Alan Zendell, March 26, 2018
The other day, a woman friend told me she wondered how any evangelical Christian woman could continue to support Donald Trump after all the credible allegations of his mistreatment and lack of respect for women that have come out. In asking that, she echoed what I’ve heard from my wife and sister as well as from all my other female friends. She also echoed what I’ve heard from most of my male friends.
Recent polls show that Trump’s support among women has dropped from the nearly fifty percent who voted for him to under thirty, but if we’ve learned anything in the Trump era it’s to not rely on polls. The recent election in Pennsylvania’s 18th district lends some support to the idea that Trump’s support among women, particularly white suburban women, is dwindling, but that still leaves the perplexing question, why would any woman support him after everything we’ve seen and heard?
We know that many women voted for Trump in 2016 because of the “Hate Hillary” movement that’s been spreading negative propaganda for decades. Others simply believed, rightly or wrongly, that the Democrats haven’t done enough to assure our security or reduce crime. But with respect to evangelical Christians, specifically, Trump’s support by women in 2016 is downright creepy and inexplicable.
In an era when we thought women had finally found their own voices and stopped letting men tell them how to live, what are we to infer from the way they voted? How many women were still being dictated to by the men in their lives? And even worse, how many had their political opinions shaped from the pulpit? Isn’t that a violation of the spirit of the Constitution?
We won’t really know how much women’s attitudes have changed until November, and many people, myself included, see little point in continuing to try to understand what happened in 2016. Better to look to the future. In that regard, we should be asking a broader question. Writing for the Chicago Tribune last month, Heidi Stevens said, “Maybe it’s time to stop asking why a percentage of women are fine with what Trump’s offering and start asking why anyone is.”
In support of that idea, she said that continuing to ask why so many women supported Trump makes it sound like it was their fault Trump was elected. That’s true to some degree, but there were many reasons Trump won, and blaming the result on women is disingenuous. But more importantly, Ms. Stevens noted that focusing on women’s support of Trump “turns sexual assault, rollbacks on birth control access, gendered insults and domestic violence into women’s problems, rather than humanity’s.” I couldn’t have said it better.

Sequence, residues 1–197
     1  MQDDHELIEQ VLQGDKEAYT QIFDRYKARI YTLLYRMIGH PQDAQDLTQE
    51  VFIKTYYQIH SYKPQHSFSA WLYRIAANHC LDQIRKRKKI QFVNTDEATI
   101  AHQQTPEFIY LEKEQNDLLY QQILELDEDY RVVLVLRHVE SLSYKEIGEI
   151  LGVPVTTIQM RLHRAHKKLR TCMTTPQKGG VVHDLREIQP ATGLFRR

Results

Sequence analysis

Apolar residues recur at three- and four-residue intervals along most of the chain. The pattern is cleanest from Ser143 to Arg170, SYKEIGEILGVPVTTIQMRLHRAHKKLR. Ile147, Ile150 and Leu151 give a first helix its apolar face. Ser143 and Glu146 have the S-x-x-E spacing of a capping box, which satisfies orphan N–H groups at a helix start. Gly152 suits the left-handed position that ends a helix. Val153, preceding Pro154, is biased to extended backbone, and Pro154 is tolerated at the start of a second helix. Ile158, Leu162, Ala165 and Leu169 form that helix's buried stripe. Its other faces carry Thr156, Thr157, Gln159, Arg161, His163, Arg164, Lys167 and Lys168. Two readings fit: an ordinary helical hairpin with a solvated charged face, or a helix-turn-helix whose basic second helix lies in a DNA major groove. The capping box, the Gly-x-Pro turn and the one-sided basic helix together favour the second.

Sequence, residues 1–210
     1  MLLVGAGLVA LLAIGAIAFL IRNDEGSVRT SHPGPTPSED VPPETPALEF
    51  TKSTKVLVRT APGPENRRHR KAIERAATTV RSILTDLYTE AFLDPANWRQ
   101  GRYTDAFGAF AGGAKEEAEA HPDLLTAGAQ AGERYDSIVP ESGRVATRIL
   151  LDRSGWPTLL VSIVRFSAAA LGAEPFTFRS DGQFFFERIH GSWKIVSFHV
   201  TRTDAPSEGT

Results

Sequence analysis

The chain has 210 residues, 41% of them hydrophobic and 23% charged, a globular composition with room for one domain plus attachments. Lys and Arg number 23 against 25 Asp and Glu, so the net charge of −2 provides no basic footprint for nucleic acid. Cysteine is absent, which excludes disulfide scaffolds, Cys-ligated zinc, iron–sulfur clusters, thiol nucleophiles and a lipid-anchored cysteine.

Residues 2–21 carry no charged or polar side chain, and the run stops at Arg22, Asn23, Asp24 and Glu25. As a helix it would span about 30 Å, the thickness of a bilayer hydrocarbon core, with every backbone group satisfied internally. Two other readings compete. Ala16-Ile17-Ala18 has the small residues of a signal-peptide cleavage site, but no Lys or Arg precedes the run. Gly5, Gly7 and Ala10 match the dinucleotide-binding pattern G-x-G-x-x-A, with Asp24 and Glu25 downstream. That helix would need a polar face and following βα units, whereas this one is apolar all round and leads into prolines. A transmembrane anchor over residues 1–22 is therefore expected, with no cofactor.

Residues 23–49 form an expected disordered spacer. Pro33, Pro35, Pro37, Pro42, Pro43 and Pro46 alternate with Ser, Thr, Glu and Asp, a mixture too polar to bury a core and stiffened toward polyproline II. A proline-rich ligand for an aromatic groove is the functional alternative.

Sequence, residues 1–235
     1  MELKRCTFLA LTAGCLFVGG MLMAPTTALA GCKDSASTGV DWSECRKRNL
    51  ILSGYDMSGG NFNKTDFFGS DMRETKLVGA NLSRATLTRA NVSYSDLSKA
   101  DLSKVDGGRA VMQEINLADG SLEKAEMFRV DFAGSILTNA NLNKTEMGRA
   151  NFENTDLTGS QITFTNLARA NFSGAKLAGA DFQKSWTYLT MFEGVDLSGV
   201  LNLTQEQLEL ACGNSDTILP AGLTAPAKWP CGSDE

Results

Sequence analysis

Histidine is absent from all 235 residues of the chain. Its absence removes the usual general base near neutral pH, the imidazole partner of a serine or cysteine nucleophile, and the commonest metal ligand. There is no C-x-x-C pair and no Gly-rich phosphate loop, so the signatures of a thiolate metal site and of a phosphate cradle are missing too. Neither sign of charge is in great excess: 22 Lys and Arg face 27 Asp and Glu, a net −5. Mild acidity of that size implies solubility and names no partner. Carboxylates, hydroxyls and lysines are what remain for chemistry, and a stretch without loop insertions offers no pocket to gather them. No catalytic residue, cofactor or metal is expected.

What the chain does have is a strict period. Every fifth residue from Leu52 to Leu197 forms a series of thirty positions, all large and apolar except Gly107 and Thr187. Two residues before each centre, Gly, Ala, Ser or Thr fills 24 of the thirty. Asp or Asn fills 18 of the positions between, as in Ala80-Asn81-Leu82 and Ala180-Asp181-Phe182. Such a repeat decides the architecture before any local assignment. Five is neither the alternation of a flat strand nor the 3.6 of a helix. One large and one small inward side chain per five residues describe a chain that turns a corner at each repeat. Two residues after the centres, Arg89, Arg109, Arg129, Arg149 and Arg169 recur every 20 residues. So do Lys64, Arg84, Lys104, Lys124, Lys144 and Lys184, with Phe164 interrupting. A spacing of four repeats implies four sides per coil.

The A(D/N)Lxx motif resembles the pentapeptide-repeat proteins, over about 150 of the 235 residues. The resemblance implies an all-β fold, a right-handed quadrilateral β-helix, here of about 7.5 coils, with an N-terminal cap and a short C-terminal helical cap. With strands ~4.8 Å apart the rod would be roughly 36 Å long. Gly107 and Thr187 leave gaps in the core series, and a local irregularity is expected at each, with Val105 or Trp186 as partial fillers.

Trump’s behavior with respect to women is an affront to everyone. And while I love seeing women speak out in their own defense, it’s time all of us men spoke up just as loudly. Any man who has a wife, sister, or daughter should be appalled by what comes out of Trump’s mouth. I wonder what those who continue to support him say to their little girls when they see this stuff on television. All of my children and grandchildren are male, but I have the same attitude with respect to them. I’m proud that my sons see it the same way, and as my oldest grandson becomes old enough to understand, I make sure to give him the same message.
Americans have mocked European leaders for decades about their seemingly endless sex scandals. Now they’re mocking us, as the number of women who have publicly accused Trump of sexual misconduct or adultery has risen to nearly twenty. But this isn’t just about morality.
It’s also about abuse of power and the possibility of criminal actions by the president. Twenty years ago, Bill Clinton was impeached for lying to cover up an affair that occurred years before he took office. Today, the sordid details of Trump’s attempts to cover up affairs with Playboy Playmate Karen McDougal and adult film star Stormy Daniels have become the new face of America, not only at home, but everywhere. Is there any reason he should be treated differently?
If you’re not angry and embarrassed by all this, I have to ask, “Why not?”